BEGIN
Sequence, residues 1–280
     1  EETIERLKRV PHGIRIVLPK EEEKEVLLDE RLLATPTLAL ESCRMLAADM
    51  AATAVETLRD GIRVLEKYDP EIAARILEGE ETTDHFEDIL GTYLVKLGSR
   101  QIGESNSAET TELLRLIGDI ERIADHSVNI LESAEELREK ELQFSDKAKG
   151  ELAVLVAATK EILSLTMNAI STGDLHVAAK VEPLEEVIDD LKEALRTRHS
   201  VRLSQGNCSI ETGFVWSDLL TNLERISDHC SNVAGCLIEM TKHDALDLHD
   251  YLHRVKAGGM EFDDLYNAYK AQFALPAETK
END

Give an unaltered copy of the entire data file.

Sequence, residues 1–280
     1  EETIERLKRV PHGIRIVLPK EEEKEVLLDE RLLATPTLAL ESCRMLAADM
    51  AATAVETLRD GIRVLEKYDP EIAARILEGE ETTDHFEDIL GTYLVKLGSR
   101  QIGESNSAET TELLRLIGDI ERIADHSVNI LESAEELREK ELQFSDKAKG
   151  ELAVLVAATK EILSLTMNAI STGDLHVAAK VEPLEEVIDD LKEALRTRHS
   201  VRLSQGNCSI ETGFVWSDLL TNLERISDHC SNVAGCLIEM TKHDALDLHD
   251  YLHRVKAGGM EFDDLYNAYK AQFALPAETK